Second Vatican Council and beyond[edit]

From 1962 to 1965, Tisserant attended the Second Vatican Council and sat on its Board of Presidency. As Dean of the College of Cardinals, he was the celebrant of the Mass coram Summo Pontifice at the opening ceremony of the council, before the Pope delivered the council's opening address and the other rites specific to the opening of a general council were performed.

He is said to have participated in negotiating a secret 1960s agreement between Soviet and Vatican officials that authorised Eastern Orthodox participation in the Second Vatican Council in exchange for a noncondemnation of atheistic communism during the conciliar assemblies.[6][7] As Dean of the Sacred College, he was the first person after Pope Paul VI to sign each of the acts of the Second Vatican Council.

In 1962, Tisserant became Grand Master of the Order of the Holy Sepulchre, a position that he held until his death. In 1969, he demanded a retraction from Cardinal Leo Joseph Suenens, Archbishop of Brussels-Mechelen, for the "defamatory and slanderous" statements that he allegedly made against the bureaucracy of the Roman Curia.[5] In 1970, when Paul VI's new retirement rules restricted the right to vote in papal conclaves to cardinals under age 80, Tisserant, then 86, objected on the basis that each cardinal's health should determine his fitness and suggested that 73-year-old Paul VI seemed frail.[8]


Tisserant died in 1972 from a heart attack in Albano Laziale, at age 87. Pope Paul VI took part in his funeral service.[9] He is buried in the Basilica of Porto e Santa Rufina in Rome.[10]

Ordination history of
Eugène Tisserant
Priestly ordination
Ordained byCharles-François Turinaz (Nancy)
Date4 August 1907
Episcopal consecration
Principal consecratorEugenio Card Pacelli (Gio & Pao)
Co-consecratorsGiuseppe Migone (Nicomedia tit)
Charles Ruch (Strasbourg)
Date25 July 1937
Elevated byPius XI
Date15 June 1936
Episcopal succession
Bishops consecrated by Eugène Tisserant as principal consecrator
Alberto Gori27 December 1949
Sebastian Vayalil9 November 1950
Diego Venini4 February 1951
Hailé Mariam Cahsai1 May 1951
Ghebre Jesus Jacob1 May 1951
Paolo Bertoli11 May 1952
Pietro Sfair24 May 1953
Raffaele Forni13 September 1953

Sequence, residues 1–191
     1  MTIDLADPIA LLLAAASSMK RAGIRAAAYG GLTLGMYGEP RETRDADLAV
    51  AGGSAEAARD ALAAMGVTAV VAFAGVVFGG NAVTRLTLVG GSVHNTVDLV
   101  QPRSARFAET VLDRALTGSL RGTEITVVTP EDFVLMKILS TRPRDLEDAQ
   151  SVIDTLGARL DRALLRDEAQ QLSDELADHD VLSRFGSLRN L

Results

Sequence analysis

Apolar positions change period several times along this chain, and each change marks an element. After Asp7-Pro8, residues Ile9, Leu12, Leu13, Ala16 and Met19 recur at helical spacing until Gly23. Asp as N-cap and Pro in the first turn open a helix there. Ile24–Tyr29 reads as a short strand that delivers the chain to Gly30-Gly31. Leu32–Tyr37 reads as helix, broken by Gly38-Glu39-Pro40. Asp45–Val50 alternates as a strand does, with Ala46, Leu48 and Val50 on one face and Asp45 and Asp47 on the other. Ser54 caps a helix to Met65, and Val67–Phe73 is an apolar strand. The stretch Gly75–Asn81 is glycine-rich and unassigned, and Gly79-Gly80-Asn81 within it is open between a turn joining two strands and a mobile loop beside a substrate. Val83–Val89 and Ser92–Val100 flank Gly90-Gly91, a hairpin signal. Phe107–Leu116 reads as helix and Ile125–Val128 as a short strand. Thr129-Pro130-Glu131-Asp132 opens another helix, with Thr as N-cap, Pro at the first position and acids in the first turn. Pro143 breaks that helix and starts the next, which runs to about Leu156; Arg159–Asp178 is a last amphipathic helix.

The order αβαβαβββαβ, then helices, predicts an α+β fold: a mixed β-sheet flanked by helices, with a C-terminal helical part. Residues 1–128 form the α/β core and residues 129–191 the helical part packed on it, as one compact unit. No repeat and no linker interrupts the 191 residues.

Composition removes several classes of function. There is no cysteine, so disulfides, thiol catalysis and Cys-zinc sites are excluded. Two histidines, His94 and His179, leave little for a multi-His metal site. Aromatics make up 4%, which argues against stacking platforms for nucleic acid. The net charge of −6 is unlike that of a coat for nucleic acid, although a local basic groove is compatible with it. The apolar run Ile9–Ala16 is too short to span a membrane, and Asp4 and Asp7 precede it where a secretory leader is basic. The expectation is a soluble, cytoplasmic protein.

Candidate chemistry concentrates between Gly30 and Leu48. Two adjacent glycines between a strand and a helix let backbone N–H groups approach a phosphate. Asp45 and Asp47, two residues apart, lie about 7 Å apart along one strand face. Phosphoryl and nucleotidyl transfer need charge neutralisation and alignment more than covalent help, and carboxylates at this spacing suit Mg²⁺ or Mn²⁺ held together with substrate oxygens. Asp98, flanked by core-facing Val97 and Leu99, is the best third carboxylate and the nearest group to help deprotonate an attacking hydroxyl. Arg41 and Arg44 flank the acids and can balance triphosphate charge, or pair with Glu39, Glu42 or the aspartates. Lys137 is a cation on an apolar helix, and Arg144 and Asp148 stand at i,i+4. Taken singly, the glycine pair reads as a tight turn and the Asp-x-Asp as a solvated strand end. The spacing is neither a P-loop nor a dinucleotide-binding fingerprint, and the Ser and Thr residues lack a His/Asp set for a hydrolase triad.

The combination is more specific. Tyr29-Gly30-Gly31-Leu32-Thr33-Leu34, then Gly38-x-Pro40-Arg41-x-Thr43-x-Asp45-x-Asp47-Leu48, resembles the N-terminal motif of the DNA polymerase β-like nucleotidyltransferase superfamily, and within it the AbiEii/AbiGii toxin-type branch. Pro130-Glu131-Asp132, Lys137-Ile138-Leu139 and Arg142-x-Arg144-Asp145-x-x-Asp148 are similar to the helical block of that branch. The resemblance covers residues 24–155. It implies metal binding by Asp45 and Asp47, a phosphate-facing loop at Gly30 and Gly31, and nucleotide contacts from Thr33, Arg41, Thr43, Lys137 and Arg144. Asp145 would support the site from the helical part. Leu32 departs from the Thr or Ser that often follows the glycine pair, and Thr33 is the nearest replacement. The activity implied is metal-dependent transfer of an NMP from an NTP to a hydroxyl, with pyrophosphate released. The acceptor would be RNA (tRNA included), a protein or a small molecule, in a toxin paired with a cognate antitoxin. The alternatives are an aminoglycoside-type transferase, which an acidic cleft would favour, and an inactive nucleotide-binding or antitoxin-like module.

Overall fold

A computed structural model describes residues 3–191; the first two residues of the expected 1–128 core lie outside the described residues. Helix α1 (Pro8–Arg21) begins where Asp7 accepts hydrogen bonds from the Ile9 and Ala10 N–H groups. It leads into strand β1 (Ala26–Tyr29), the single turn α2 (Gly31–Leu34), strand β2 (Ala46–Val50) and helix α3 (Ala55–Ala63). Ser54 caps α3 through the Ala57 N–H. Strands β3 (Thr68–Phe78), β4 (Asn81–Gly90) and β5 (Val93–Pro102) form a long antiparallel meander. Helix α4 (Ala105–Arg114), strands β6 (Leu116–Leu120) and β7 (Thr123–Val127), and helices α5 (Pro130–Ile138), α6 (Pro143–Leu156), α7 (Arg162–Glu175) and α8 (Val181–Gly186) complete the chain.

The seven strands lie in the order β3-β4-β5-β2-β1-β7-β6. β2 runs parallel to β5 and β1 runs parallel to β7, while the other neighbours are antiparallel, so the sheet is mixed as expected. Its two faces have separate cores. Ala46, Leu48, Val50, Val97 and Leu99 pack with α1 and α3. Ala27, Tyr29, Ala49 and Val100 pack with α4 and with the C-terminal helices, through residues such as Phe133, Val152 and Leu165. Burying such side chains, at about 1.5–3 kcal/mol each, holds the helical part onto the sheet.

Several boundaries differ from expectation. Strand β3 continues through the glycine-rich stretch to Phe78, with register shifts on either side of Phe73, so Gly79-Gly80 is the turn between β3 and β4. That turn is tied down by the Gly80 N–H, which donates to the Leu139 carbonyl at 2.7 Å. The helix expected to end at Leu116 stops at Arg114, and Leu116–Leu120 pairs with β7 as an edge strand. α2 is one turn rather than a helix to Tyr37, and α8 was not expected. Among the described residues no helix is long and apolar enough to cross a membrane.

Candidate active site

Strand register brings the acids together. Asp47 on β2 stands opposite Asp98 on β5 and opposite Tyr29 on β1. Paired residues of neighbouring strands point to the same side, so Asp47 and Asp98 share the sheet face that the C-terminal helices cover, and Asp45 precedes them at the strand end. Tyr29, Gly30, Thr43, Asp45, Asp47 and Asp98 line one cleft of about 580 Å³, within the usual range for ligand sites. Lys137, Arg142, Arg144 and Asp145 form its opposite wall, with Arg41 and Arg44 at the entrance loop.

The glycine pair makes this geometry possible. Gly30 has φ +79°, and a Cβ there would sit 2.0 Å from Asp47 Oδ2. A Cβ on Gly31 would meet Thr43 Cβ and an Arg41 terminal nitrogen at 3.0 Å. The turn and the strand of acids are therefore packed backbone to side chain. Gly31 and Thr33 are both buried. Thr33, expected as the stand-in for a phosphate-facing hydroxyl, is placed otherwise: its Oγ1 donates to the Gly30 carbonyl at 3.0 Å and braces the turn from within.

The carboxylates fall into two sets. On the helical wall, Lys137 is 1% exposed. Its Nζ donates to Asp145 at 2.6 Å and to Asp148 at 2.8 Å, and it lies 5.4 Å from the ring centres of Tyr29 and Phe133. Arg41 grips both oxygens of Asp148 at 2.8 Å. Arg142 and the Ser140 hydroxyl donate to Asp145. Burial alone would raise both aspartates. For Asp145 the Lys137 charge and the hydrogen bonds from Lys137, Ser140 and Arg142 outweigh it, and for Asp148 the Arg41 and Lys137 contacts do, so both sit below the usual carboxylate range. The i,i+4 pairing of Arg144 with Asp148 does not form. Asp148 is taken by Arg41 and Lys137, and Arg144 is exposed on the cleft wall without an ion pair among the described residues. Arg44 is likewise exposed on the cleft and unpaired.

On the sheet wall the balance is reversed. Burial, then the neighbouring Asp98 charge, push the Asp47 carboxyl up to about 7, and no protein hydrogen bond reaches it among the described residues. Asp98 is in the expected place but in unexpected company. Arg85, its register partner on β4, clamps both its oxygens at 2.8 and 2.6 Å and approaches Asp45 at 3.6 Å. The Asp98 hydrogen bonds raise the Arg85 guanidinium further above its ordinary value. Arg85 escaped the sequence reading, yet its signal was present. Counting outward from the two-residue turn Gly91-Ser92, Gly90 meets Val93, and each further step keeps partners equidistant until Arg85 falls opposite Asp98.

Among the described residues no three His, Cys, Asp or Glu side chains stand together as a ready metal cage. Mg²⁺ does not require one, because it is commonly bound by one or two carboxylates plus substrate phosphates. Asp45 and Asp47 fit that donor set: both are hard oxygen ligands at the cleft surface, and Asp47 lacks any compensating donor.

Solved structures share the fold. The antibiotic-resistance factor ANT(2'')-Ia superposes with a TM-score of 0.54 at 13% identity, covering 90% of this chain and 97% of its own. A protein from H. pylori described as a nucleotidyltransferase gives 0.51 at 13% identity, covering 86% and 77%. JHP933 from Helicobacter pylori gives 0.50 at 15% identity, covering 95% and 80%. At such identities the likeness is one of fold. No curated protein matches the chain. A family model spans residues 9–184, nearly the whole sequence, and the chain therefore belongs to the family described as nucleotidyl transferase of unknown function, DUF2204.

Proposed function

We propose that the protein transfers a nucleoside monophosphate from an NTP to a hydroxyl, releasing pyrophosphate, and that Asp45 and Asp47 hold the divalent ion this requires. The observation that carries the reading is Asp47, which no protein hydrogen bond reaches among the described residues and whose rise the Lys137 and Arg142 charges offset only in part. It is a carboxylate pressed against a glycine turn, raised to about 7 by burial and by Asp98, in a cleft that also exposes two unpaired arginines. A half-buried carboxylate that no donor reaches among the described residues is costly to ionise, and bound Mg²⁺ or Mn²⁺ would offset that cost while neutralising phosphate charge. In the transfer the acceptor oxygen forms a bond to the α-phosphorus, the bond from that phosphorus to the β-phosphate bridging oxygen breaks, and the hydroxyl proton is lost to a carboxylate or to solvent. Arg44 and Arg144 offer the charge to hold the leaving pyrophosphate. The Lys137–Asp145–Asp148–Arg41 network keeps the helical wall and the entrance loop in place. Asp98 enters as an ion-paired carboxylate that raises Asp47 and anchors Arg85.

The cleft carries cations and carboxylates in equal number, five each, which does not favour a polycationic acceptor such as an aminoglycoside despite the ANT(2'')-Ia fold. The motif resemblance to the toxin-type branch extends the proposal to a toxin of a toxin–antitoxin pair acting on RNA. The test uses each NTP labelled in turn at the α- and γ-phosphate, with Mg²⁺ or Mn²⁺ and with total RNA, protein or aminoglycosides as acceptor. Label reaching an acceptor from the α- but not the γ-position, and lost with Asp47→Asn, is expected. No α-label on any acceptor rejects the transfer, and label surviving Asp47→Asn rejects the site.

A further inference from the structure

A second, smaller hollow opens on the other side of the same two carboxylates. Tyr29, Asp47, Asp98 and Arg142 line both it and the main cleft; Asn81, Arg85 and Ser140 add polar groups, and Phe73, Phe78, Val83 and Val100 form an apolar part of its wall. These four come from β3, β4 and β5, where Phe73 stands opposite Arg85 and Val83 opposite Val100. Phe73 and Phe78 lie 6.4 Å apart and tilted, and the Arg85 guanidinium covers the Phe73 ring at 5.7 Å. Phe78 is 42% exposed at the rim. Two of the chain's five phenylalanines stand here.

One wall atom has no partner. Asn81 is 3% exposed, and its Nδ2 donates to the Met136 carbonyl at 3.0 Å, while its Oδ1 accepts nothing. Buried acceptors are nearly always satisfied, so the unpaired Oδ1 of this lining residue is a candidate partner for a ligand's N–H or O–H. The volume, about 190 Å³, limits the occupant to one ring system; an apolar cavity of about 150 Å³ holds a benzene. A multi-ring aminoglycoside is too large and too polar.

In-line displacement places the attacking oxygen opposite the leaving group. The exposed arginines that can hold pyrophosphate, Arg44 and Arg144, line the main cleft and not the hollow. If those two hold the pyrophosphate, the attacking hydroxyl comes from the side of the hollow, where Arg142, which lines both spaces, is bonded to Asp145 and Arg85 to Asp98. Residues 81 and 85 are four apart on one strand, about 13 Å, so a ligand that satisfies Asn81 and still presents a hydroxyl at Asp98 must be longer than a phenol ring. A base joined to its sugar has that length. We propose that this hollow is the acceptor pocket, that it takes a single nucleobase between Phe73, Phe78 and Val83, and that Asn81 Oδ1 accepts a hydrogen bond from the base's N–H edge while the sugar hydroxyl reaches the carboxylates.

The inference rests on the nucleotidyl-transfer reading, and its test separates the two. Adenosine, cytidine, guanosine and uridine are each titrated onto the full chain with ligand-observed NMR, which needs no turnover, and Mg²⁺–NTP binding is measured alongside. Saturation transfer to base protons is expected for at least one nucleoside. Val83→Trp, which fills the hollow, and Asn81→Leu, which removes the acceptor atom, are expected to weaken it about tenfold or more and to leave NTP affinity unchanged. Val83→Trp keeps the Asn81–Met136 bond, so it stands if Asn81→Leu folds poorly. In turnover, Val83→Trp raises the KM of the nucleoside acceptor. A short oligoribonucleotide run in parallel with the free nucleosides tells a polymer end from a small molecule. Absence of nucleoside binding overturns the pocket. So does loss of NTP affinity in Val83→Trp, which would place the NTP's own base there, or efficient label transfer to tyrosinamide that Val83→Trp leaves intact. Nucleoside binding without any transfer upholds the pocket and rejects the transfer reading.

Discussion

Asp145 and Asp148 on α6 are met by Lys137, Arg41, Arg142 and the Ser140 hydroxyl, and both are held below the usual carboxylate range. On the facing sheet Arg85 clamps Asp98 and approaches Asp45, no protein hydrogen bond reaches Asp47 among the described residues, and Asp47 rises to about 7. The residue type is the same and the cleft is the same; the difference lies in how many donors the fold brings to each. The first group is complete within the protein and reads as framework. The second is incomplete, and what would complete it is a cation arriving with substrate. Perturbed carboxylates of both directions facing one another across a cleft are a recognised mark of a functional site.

Joseph Parecattil30 November 1953
Giovanni Battista Montini12 December 1954

See also[edit]


  1. ^ His surname is sometimes misspelled Tisserand, as in the list of the members of the Académie française. Archived 8 May 2009 at the Wayback Machine
  2. ^ "The Cardinals of the Holy Roman Church – June 15, 1936". cardinals.fiu.edu. Retrieved 26 December 2021.
  3. ^ a b c Murphy, Paul I; Arlington, R. Rene (1983). La Popessa. New York: Warner Books Inc. pp. 195-194, 261-262. ISBN 0-446-51258-3.
  4. ^ "Open City, Silent City". Time. 3 April 1964. Archived from the original on 1 October 2007. Retrieved 13 June 2012.
  5. ^ a b "The Cardinal as Critic". Time. 1 August 1969. Archived from the original on 14 December 2008. Retrieved 13 June 2012.
  6. ^ Chiron, Yves, Paul VI: Le pape écartelé, Perrin, Paris, 1993 ISBN 2-262-00952-X p. 186 and 246
  7. ^ Interview with Paul-Joseph Schmitt, Archbishop of Metz, in Le Lorrain, 9 March 1963 [dubiousdiscuss]
  8. ^ "Crítica de dos Cardenales contra el Papa Paulo VI" (in Spanish). UP. 26 November 1970. Retrieved 9 January 2017.
  9. ^ "Pope Takes Part in Funeral for Cardinal Tisserant". The New York Times. 25 February 1972. Retrieved 9 January 2017.
  10. ^ "Recent Deaths". Time. 6 March 1972. Archived from the original on 30 September 2007. Retrieved 13 June 2012.

Further reading[edit]

  • Carroll, Rory and Goñi, Uki. 2008. "The Hunt for Doctor Death". The Guardian (London) 8 January.

External links[edit]

Catholic Church titles
Preceded by Dean of the College of Cardinals
13 January 1951 – 21 February 1972
Succeeded by
Preceded by Archivist of the Holy Roman Church
14 September 1957 – 27 March 1971
Succeeded by
Preceded by Grand Master of the Equestrian Order of the Holy Sepulchre of Jerusalem
19 August 1960 – 21 February 1972
Succeeded by